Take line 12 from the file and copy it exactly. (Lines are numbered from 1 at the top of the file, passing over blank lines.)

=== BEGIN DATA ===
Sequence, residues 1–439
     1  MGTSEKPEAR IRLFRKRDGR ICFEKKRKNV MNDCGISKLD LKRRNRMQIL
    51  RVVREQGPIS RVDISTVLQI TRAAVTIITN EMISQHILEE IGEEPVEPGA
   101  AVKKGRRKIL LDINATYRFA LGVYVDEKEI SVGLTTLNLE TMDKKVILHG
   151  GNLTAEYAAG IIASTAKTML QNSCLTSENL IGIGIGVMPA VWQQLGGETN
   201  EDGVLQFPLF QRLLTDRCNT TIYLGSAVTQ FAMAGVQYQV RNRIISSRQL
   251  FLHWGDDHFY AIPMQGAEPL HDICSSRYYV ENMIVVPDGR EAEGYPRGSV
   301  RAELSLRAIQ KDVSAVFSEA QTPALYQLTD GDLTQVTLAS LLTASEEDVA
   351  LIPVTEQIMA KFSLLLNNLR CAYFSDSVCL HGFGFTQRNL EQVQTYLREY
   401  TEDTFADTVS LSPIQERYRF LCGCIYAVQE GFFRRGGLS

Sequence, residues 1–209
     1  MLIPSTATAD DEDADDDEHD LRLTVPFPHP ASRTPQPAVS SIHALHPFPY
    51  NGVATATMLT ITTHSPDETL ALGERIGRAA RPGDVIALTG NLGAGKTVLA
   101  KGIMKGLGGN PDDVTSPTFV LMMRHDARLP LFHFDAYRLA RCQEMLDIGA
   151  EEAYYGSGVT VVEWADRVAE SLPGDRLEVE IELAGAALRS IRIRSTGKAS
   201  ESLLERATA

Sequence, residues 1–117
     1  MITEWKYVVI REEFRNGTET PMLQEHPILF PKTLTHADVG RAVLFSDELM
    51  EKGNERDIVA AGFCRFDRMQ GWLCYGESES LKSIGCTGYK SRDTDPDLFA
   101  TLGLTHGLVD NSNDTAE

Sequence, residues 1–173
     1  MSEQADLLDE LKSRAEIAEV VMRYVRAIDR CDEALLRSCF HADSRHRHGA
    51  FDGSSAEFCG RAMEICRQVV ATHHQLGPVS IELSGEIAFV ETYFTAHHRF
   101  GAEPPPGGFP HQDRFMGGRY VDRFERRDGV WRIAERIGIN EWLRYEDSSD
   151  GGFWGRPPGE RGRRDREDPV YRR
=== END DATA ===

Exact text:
     1  MLIPSTATAD DEDADDDEHD LRLTVPFPHP ASRTPQPAVS SIHALHPFPY